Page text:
CC Madhya 12.20

kāṇe mudrā la-i’ muñi ha-iba bhikhārī
rājya-bhoga nahe citte vinā gaurahari
Word for word: 
kāṇe mudrā — a kind of earring; la-i’ — taking; muñi — I; ha-iba — shall become; bhikhārī — a beggar; rājya-bhoga — enjoyment of the kingdom; nahe — not; citte — in the mind; vinā — without; gaurahari — Śrī Caitanya Mahāprabhu.
Translation: 
Nityānanda Prabhu continued, “The King has decided to become a mendicant and accept the sign of a mendicant by wearing an ivory earring. He does not want to enjoy his kingdom without seeing the lotus feet of Śrī Caitanya Mahāprabhu.”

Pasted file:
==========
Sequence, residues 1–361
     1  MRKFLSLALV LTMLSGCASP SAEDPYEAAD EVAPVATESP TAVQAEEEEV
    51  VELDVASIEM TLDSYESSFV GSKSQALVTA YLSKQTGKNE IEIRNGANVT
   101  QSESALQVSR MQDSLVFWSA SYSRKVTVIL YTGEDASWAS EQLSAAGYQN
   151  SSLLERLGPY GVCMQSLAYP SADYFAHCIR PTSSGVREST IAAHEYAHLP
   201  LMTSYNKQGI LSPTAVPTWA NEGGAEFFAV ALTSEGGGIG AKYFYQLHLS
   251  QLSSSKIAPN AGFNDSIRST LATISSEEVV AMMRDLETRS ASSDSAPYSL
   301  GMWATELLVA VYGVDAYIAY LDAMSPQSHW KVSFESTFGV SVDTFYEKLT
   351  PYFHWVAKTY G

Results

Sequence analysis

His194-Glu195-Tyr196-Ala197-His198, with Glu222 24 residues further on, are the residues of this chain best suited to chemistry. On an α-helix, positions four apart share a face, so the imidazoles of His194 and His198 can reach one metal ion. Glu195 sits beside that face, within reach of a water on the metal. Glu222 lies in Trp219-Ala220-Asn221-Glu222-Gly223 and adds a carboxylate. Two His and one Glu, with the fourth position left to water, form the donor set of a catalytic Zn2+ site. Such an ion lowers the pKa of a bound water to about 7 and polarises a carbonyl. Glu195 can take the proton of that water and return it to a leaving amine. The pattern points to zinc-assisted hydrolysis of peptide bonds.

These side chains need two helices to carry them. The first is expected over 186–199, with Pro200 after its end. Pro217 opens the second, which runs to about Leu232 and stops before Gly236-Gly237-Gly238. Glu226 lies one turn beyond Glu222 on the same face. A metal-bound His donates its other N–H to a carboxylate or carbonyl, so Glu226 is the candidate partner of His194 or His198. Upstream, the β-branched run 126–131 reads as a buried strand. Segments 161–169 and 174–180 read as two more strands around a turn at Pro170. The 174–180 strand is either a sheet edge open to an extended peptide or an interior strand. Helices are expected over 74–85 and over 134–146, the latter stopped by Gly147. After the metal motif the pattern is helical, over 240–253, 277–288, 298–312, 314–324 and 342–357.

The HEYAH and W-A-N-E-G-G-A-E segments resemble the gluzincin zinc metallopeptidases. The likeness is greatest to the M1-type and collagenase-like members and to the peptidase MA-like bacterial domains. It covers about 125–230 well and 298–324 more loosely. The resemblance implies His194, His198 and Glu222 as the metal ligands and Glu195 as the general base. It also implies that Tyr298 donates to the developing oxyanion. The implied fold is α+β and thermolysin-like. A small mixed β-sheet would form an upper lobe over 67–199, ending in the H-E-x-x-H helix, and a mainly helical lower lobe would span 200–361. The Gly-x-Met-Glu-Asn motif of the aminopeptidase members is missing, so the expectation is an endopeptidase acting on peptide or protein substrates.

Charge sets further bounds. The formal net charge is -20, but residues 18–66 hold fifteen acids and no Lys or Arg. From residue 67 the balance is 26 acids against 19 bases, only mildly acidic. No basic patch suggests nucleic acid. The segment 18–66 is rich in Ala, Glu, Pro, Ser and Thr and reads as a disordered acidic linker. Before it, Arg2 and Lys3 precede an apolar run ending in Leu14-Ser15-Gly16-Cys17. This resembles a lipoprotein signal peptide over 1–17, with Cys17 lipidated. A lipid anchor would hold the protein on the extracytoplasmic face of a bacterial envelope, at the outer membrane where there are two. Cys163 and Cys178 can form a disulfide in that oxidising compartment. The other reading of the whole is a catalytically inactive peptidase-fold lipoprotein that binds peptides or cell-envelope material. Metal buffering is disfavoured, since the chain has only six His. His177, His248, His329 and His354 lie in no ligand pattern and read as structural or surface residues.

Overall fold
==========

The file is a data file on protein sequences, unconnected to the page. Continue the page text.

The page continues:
Purport: 

In India there is still a class of professional mendicants who are very much like the gypsies of Western countries. They know some magical art and mystical processes, and their business is to beg from door to door, sometimes pleading and sometimes threatening. Such mendicants are sometimes called yogīs and sometimes kāṇaphāṭā yogīs. The word kāṇaphāṭā refers to one who has put a hole in his ear to wear an earring made of ivory. Mahārāja Pratāparudra was so depressed by not getting to see Śrī Caitanya Mahāprabhu that he decided to become such a yogī. Ordinary men think that a yogī must have an ivory earring in his ear, but this is not the sign of a real yogī. Mahārāja Pratāparudra also thought that to become a mendicant yogī, one must wear such an earring.